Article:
Now we must ask why this would be the case? Why would be it be necessary for women not use their spiritual gifts in the assembly? Paul indicates in verse 34 that for the women to speak would mean they would be forfeiting the submission that the Law of God says. Again, we must ask an important question: how would women speaking cause a breaking of God’s law concerning submission? Think about this for a moment. The scriptures teach that the wife is to be submissive to her husband (cf. Ephesians 5:22,24; 1 Corinthians 11:3; Colossians 3:18; 1 Peter 3:5). Does this mean that the wife cannot speak at all to her husband or else be out of submission? Of course not for there is no way for a marriage to operate without communication and no way for a husband to live with his wife in an understanding way without communication (cf. 1 Peter 3:7). The point to consider is that speaking does not equal a lack of submission.
So we must ask the question: why would a woman with spiritual gifts speaking in the assembly be a lack of submission? The necessary conclusion is that when any person spoke in the assembly the person was taking the lead. The person speaking was leading the assembly. We have seen this in the directions Paul has given. When the tongue speaker spoke, the rest were to be silent and listen to what was said and its interpretation. When the prophet spoke, the rest were to be silent and evaluate what was being said. The situation is similar this hour of assembly we have right now where the person speaking is in charge and in the lead. The song leader has the lead of the assembly. The prayer leader has the lead of the assembly. The Lord’s Supper speaker has lead of the assembly. The teacher has lead of the assembly. Whoever is speaking is leading the assembly. This becomes the reasonable answer for why the women must remain silent in the assembly. Speaking during time would be taking the lead, which is a violation of the law of God.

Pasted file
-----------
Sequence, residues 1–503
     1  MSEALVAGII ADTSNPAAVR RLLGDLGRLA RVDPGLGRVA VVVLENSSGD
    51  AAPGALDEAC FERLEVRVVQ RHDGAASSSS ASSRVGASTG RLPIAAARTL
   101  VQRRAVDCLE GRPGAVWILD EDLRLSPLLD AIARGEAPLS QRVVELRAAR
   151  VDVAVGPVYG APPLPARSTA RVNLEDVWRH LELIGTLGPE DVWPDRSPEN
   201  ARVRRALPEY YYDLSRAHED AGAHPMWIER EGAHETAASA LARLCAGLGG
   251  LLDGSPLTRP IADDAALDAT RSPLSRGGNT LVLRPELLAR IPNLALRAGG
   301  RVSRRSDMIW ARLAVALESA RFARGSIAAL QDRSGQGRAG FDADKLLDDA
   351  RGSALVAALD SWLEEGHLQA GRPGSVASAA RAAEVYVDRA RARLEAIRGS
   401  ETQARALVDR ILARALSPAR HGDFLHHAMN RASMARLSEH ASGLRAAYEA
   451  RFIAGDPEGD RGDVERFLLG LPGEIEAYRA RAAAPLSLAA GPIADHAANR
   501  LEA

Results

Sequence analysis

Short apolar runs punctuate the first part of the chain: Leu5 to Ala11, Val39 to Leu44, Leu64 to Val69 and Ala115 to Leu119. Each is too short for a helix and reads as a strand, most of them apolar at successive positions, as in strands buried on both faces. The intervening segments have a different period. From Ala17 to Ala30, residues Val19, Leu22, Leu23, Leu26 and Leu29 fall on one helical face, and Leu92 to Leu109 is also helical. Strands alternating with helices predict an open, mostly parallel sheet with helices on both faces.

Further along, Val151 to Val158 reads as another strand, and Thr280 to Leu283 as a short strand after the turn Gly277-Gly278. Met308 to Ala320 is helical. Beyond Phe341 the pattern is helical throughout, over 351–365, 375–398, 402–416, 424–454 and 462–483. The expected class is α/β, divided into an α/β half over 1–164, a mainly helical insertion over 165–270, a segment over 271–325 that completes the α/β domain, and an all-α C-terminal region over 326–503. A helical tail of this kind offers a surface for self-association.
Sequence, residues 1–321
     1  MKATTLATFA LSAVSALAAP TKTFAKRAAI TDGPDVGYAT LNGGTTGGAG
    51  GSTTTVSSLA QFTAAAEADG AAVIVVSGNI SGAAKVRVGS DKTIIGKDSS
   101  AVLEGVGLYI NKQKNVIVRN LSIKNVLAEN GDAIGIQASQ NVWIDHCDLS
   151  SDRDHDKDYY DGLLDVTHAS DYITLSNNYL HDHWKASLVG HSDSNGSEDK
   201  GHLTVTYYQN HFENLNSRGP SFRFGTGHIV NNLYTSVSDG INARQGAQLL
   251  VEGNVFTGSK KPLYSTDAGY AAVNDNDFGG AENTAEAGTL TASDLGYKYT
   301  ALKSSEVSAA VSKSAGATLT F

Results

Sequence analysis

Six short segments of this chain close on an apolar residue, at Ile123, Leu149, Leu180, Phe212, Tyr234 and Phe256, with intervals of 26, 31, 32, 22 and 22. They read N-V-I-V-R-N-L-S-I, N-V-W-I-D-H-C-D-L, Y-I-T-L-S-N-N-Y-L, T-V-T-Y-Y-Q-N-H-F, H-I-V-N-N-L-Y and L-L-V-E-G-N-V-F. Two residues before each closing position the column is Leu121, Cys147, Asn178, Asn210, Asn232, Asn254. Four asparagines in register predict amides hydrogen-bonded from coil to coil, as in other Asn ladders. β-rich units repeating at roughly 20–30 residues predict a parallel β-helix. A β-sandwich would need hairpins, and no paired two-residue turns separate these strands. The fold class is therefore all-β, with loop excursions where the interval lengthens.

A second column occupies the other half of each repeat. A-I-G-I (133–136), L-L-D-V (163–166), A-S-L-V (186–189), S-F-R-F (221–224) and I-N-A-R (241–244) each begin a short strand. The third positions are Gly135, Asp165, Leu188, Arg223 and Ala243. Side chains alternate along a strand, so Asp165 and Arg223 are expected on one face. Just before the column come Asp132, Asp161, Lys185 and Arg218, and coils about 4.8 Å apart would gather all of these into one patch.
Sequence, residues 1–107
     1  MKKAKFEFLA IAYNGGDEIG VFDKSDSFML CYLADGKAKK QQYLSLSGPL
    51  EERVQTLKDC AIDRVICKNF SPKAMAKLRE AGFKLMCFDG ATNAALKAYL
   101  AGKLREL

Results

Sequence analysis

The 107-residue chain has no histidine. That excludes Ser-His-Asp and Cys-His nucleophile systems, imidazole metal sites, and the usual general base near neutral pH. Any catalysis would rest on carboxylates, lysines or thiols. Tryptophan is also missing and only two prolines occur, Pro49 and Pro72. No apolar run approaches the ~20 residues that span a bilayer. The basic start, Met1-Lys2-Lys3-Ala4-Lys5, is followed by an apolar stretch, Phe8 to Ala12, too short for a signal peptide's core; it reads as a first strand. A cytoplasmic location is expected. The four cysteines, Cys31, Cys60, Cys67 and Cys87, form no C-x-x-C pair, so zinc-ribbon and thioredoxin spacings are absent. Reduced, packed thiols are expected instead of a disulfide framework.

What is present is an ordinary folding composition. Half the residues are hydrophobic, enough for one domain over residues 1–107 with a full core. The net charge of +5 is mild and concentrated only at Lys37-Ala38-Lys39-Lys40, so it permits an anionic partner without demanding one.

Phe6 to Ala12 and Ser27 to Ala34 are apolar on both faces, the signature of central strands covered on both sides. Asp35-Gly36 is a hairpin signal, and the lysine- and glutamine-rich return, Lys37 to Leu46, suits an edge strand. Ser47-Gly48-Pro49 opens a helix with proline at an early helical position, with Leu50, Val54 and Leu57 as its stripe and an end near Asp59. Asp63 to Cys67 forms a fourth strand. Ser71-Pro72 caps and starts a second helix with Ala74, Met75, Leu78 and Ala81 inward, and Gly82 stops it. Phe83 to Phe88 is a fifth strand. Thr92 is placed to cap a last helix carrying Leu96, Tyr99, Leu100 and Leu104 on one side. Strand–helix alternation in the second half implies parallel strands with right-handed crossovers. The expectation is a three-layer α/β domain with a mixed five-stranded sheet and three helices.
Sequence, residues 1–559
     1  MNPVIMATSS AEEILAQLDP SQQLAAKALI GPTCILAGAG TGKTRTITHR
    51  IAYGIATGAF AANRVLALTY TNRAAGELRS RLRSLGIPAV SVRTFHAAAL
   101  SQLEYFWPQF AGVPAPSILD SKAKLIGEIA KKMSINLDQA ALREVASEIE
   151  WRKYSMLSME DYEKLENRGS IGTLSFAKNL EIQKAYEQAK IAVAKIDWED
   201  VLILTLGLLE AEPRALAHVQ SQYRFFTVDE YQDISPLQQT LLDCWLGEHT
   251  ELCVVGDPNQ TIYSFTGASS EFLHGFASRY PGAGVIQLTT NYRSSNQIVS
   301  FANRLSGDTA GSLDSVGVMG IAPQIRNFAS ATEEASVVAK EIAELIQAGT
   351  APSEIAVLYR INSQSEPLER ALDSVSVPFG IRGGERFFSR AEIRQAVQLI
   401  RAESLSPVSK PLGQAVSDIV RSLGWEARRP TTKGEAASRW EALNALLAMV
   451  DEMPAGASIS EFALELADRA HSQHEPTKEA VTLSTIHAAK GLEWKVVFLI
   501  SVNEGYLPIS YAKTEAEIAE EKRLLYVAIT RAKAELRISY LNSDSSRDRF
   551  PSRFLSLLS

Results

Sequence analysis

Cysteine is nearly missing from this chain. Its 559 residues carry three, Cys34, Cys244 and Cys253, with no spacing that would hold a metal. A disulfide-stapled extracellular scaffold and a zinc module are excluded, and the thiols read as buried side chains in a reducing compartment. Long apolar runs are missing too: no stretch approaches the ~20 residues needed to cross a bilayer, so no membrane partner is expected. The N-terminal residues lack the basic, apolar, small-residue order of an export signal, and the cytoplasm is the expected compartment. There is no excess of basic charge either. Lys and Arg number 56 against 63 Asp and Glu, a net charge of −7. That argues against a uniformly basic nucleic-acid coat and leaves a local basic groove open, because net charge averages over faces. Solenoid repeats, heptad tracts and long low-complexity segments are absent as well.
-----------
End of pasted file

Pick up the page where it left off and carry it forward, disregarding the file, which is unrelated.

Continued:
Let a woman learn quietly with all submissiveness. I do not permit a woman to teach or to exercise authority over a man; rather, she is to remain quiet. For Adam was formed first, then Eve; and Adam was not deceived, but the woman was deceived and became a transgressor. (1 Timothy 2:11–14 ESV)
The events of Genesis regarding creation and the sin of Adam and Eve are the reasons why women are to not teach or have authority over a man. For a woman to speak in the assembly would do that very thing — teach over the assembly. Therefore, saying amen or confessing sins or singing does not take authority away or violate a submissive attitude. This text has no application to women teaching children’s classes. Women speaking in our gathered Bible studies, whether in homes or at the building, is not violating this text because a man is leading the class and teaching the class. As we just noted, a wife speaking to her husband is not to lack submission. Speaking is not the issue. The way the speaking occurs is the issue. The scriptures want a submissive attitude reflecting godly character and not taking authority away from another or seizing authority over the assembly. So this is the evaluation to be made: when the assembly is gathered, is her speaking taking authority over the assembly?
The context of spiritual gifts helps us understand verse 35. It was not the woman’s place in the assembly to verbally disagree or question a prophetic teaching. To do so is to usurp authority and take the lead over the assembly. Therefore that questioning was to occur at home and not in the assembly. I hope we can see the need to keep these verses in their context and how we can properly apply the text when we do so.
All Things Should Be Orderly (14:36-40)
Paul concludes by observing that what he is commanding the church is the very command of the Lord. God has given an order to the assembly. The church may think they can run the assembly in the way they want. But Paul says to violate this order is to reject the Lord. This is not a suggestion by Paul. Instead, the rule is given: “But all things should be done decently and in order.” This does not mean that we have to do things traditionally or the way we have always done things in the assembly. The point is that spiritual upbuilding cannot happen in chaos. Paul has taught the need to take turns, to not speak over each other, and to focus on the goal of building up each other through the teaching of the scriptures.
It is my prayer that this series of lessons concerning miraculous spiritual gifts helps us understand the importance of our time together. How we worship when we come together matters to God, so much so that God will not recognize us if we reject his order (14:38). Everything we do must be for spiritual building each other up, not for fun or entertainment (14:26). The goal is spiritual strengthening in God’s word. Edification cannot occur in chaos and noise. Therefore, there must be an order to what we do so that learning can occur (14:31, 40). Otherwise our time together is wasted. The scriptures are all we need to learn and love the Lord.
All Scripture is breathed out by God and profitable for teaching, for reproof, for correction, and for training in righteousness, that the man of God may be complete, equipped for every good work. (2 Timothy 3:16–17 ESV)